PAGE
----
“Marriage between minor Muslims under personal law not excluded from sweep of POCSO Act”: Kerala HC

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The High Court also stated that if one of the parties in marriage is a minor, regardless of whether the marriage is valid or not, the POCSO Act will apply.

The Kerala High Court on Friday held that marriage between minor Muslims under personal law is not excluded from the sweep of the Prevention of Child Sexual Offences (POCSO) Act. 

Noting that offences under the POCSO Act will apply if one of the parties in marriage is a minor, regardless of whether the marriage is valid or not, Justice Bechu Kurian Thomas observed:

“The POCSO Act is a special enactment. The advances and progress achieved in societal thinking have resulted in the enactment. This special statute was enacted based on principles arising out of jurisprudence relating to child abuse. Child abuse jurisprudence evolved out of the need to protect the vulnerable, the gullible, and the innocent child. The legislative intent to protect the child from sexual predators hovering over them under different labels, including that of marriage, is explicitly evident from the statutory provisions”.

The single-judge bench stated that "child marriages have been regarded as a human right violation, it compromises the growth of the child to her full potential and is the bane of society".

“The legislative intent reflected through the POCSO Act is to prohibit physical relationships with a child, even under the cover of marriage. This is the intent of society, too, for a statute is, as is often said, the expression or reflection of the will of the people”, the court added.

The court was hearing a bail application filed by a 31-year-old Muslim man, Khaledur Rahman accused of kidnapping and raping a minor aged 15 years 8 months (on the date of registration of FIR). Rahman claimed that he married the minor victim legally under the personal laws that applied to them and sought regular bail as the prosecution was inherently illegal.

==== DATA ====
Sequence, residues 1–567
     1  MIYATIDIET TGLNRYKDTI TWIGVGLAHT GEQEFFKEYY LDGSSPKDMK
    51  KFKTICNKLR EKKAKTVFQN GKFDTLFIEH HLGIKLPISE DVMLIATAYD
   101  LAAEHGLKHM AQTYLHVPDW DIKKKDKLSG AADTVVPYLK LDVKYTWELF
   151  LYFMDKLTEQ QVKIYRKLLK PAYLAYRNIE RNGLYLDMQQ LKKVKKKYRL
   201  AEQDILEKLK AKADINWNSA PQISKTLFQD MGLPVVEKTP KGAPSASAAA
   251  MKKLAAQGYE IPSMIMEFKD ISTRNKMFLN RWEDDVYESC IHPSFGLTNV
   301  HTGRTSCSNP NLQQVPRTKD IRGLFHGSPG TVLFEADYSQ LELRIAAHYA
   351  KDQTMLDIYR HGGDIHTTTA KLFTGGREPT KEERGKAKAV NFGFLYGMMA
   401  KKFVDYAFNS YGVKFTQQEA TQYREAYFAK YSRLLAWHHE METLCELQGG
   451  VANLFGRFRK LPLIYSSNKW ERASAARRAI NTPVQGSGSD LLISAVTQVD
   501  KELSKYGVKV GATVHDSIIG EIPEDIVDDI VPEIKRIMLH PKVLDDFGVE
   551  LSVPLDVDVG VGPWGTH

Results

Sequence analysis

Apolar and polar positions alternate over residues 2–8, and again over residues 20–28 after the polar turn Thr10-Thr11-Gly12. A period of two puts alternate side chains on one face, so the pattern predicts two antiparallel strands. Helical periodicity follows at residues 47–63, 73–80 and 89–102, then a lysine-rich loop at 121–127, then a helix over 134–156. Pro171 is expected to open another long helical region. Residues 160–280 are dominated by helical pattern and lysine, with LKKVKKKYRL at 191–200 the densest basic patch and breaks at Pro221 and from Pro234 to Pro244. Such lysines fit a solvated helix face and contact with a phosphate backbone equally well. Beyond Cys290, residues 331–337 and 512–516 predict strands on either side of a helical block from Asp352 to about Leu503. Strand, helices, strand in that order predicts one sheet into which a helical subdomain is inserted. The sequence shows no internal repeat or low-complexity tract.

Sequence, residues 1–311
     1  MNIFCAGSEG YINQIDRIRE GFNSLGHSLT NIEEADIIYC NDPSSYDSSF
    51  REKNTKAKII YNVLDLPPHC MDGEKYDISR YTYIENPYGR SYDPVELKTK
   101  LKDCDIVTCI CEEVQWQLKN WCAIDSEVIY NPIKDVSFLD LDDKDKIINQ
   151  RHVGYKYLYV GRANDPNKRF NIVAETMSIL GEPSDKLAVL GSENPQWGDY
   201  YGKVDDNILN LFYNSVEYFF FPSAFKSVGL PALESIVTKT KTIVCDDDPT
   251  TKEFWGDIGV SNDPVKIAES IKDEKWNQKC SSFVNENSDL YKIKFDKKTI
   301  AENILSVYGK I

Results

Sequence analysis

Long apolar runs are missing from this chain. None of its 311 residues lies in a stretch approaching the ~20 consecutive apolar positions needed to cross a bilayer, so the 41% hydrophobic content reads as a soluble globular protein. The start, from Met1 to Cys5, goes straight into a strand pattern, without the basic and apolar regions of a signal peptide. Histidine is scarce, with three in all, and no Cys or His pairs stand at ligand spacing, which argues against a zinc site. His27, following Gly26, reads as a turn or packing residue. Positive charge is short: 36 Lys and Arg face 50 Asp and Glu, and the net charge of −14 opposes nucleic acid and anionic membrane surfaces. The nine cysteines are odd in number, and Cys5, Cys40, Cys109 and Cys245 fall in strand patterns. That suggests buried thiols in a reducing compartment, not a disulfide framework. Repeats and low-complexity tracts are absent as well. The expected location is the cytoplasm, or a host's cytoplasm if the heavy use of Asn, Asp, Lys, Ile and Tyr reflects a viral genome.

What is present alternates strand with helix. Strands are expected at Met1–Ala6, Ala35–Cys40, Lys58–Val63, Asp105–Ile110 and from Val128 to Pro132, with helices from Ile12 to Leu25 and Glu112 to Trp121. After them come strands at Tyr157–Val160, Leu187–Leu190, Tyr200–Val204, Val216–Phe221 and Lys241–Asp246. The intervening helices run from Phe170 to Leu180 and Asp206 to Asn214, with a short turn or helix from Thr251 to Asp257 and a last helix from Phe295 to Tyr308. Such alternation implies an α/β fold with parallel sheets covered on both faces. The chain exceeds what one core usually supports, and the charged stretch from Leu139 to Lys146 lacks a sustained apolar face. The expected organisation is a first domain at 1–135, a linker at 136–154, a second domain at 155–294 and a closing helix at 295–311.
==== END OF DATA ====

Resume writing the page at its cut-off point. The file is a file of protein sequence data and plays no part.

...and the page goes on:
Counsel for Rahman contended that the allegations were on the wrong notion, as the victim was his wife and they got married in accordance with the Mahomedan law in March 2021. It was also contended that as Mahomedan law allows the marriage of girls under the age of 18, and such marriages are legally valid, Rahman could not even be prosecuted for rape under the POCSO Act.

Opposing the bail plea, the Public Prosecutor (PP) argued that the victim's birth date was December 16, 2006, and thus she was under the age of 16. It was also claimed that during the investigation, it was discovered that Rahman kidnapped the victim from her parents and that even the alleged marriage was unknown to her parents.

Furthermore, the PP contended that even if it was assumed that the marriage occurred, it was not a sufficient reason to overlook the provisions of the POCSO Act, as the latter would take precedence over Mahomedan law.

Taking note of the contentions, Justice Thomas referred to the legal maxim ‘Generalia Specialibis Non-Derogant’ - a special law will prevail over the general law and ‘Specialia Generalibus Derogant’ - special things derogate from general things and stated that “marriage cannot be excluded from the sweep of the statute”.

The court placed reliance on the Apex Court's decision in a case, wherein the court held, “When the Courts are confronted with such a situation, the Court's approach should be to find out which of the two apparently conflicting provisions is more general and which is more specific and to construe the more general one as to exclude the more specific".

The court also noted that "Section 42A expressly states that the POCSO Act will take precedence over any other law in the event of a conflict, and it intends to override personal and customary laws. Thus, it cannot be denied that after the implementation of the POCSO Act, penetrative sexual intercourse with a child, even if it is under the guise of marriage, is an offence".

The court further stated that, when the provisions of a statute are repugnant to, or contrary to, customary law or personal law, the statute will prevail in the absence of any express exclusion of the said customary or personal law from the statutory provisions, and the personal law or customary law will be abrogated to the extent of the inconsistency.

“On an appreciation of the above principles, it can prima facie be held, for the purpose of this bail application, that the very marriage allegedly entered into between the petitioner and the victim cannot be relied upon as a legally valid marriage”, the court held.

Conclusively, the court noted that apart from the allegation of abduction for the purpose of marriage, the victim, in this case, was still under the age of 16 and she was brought to Kerala from West Bengal, allegedly against her parents' wishes. Therefore, “I am of the view that this is not a fit case where the petitioner can be released on bail at this juncture”, the court ordered.

Accordingly, the court dismissed the bail application.

Case Title: Khaledur Rahman v. State of Kerala & Anr.